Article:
Tax Tips Before the End of the 2017/2018 Tax Year

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August 19th 2018
Week 20
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Tax Tips Before the End of the 2017/2018 Tax Year

Today marks the start of the last week of the 2017 tax year, which ends April 5th. Here are some tips to help minimise your tax bill.

There are many types of income and for each that apply to you, there may be allowances, reliefs and exemptions that should be utilised fully in order for your tax bill to be as low as possible. We are now a week from the end of the 2017/2018 tax year. This year started April 6th 2017 and ends April 5th 2018. Tax owed for this year is paid at the latest on 31st January 2019, allowing for payments on account.

We will go through each of the type of income and list things that you still have time to action.

  • Self Employed
    1. There are many reliefs and expenses that can be used to reduce the amount of profit that is liable to tax. Use our tax reliefs and expenses calculator to see how these can be used to reduce your tax bill - this applies to self employed or employed people. Maximise, or bring forward any expenditure before April 5th to include it as an allowable expense. This includes capital expenditure of big ticket items like vehicles, tools, office hardware/software packages.
    2. Unless you are accounting using the cash basis, where under a certain turnover you are allowed to do your books based on actually money spent and received, your invoices count as your tax point. Delay issuing big invoices until April 6th to move the tax liability to the next tax year.
    3. The basic personal allowance for all taxpayers in the 2017 tax year is £11,500 - as well as other allowances like the dividend allowance of £5,000 (reducing to £2,000 next year, so use the extra now). If you have family or friends that work for you, make use of these allowances. If not, you can use the marriage tax allowance that allows you to transfer up to ten percent of your spouse or partners allowance to yourself.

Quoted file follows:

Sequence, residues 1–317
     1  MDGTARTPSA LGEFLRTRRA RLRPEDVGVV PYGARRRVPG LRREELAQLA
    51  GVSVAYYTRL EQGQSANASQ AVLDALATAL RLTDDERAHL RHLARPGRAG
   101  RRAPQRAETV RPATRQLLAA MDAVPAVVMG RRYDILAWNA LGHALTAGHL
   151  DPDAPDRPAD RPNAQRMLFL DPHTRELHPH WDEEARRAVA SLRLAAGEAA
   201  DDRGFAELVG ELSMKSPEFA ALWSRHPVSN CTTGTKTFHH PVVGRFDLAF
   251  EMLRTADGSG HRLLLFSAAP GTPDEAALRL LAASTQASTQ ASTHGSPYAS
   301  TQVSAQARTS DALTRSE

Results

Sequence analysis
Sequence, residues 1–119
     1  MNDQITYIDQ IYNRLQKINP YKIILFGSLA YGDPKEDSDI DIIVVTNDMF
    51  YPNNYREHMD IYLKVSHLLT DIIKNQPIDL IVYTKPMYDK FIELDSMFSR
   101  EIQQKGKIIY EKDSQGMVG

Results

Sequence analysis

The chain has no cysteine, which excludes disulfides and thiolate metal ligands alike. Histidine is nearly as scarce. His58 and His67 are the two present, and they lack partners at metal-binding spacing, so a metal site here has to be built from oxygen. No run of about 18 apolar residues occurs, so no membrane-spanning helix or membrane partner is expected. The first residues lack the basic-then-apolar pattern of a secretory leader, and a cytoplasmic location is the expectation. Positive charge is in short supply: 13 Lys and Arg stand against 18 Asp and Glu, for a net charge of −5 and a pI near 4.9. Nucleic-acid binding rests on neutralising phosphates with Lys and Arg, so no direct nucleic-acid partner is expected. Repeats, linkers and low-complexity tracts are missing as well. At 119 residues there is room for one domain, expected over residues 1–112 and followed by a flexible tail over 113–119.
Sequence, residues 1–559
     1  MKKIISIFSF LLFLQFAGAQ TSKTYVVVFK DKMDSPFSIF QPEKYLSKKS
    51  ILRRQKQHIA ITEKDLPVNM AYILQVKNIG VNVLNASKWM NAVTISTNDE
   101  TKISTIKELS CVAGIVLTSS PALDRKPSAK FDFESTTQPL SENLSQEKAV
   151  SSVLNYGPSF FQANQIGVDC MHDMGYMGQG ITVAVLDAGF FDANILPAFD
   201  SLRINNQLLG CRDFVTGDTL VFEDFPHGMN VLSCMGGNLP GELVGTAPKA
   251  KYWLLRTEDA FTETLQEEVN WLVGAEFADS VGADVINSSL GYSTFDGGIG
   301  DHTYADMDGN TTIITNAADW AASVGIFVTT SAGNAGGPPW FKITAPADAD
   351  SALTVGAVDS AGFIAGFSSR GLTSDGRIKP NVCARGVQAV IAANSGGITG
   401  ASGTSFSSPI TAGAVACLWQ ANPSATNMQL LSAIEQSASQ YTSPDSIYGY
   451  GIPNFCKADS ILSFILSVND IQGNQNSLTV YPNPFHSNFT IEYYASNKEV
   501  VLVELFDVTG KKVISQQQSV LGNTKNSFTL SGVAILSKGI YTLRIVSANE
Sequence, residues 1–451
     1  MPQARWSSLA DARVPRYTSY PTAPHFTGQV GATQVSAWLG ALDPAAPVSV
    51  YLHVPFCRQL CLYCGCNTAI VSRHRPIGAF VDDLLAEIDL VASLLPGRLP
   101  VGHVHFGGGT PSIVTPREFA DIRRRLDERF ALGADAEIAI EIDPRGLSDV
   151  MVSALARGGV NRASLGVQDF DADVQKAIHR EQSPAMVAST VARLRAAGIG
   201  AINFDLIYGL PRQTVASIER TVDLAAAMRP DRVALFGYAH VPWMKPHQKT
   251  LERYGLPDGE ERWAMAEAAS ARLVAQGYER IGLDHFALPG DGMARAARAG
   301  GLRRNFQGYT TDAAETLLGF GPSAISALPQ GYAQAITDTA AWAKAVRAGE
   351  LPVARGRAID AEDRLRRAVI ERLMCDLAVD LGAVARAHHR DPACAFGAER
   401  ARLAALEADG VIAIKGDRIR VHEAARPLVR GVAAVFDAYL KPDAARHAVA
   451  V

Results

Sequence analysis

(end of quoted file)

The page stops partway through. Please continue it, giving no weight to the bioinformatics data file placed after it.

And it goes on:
4. There are a number of losses you can claim for from the 2013/2014 tax year that will expire at the end of this tax year (5th April). This includes trading losses, losses from termination of a trade as well as capital losses.
  • Savings
    1. There are a number of ISA products where the government tops-up or contributes to the account. The Help to Buy ISA gives £50 for every £200 deposit (max. £3,000). If you are, or you have family/friends who are, saving for their first home, you can help gain 25 percent on the savings. It's a monthly savings account (capped to £200 per month) but in the first month £1,200 can be deposited. Do this for a couple and your £2,400 contribution gives them £600 free.
    2. Lifetime ISA are an alternative to pensions for people between 18 and 39 years old. The top up is 25% at the end of each tax year on contributions. This is capped to £4,000 max deposit in one year - so a free £1,000 if not already used this year.
  • Capital Gains
    1. There is a £11,300 annual exempt amount on capital gains - use it as it won't be rolled over to next year. Calculate your capital gains taxes using our calculator.
    2. Look into assets you have that are no longer worth anything to use as capital losses to offset your gains.
  • Inheritance Tax
    1. You can make many small gifts worth up to £250 that are exempt from inheritance taxes.
    2. You have a non-rolled over annual exempt amount of £3,000, or double that if no gifts were made in the preceding tax year.
  • Property
    1. Rent-a-room relief allows you to rent a room (in your home) and earn up to £7,500 per tax year without any tax liability.
    2. You can borrow against equity in a property in your portfolio without having to pay taxes on the money released.
    3. See our capital gains tip above!
  • Charity
    1. Charities enrolled in gift aid can reclaim the basic rate tax on your contributions, effectively turning an £80 contribution by you into £100. You can also then claim tax relief at your marginal rates.
  • Child Benefit
    1. Child benefit is withdrawn for those earning over £50,000 so making pension contributions can bring you under this limit. The same can reduce your liability to higher rates of tax and the tapering of the personal allowance when income exceeds £100,000.

Remember, the 2018/2019 tax year starts April 6th and brings with it new tax allowances and adjustments to bands. People in Scotland have more drastic changes to their tax allowances and bands. Our calculators have already been updated for all changes for 2018/2019 - just select the new tax year when calculating.

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